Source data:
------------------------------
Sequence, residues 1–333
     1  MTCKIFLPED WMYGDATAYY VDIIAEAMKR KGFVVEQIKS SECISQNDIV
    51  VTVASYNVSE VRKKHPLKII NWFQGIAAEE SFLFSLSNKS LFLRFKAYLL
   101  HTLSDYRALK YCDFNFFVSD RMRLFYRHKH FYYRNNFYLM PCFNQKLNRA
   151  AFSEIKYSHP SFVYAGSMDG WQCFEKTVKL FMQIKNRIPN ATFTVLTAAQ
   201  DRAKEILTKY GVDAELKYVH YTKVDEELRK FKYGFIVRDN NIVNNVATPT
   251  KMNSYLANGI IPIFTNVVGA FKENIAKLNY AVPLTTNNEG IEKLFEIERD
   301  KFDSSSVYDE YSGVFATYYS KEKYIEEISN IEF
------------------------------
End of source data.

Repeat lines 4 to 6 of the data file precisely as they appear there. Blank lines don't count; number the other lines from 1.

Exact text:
   101  HTLSDYRALK YCDFNFFVSD RMRLFYRHKH FYYRNNFYLM PCFNQKLNRA
   151  AFSEIKYSHP SFVYAGSMDG WQCFEKTVKL FMQIKNRIPN ATFTVLTAAQ
   201  DRAKEILTKY GVDAELKYVH YTKVDEELRK FKYGFIVRDN NIVNNVATPT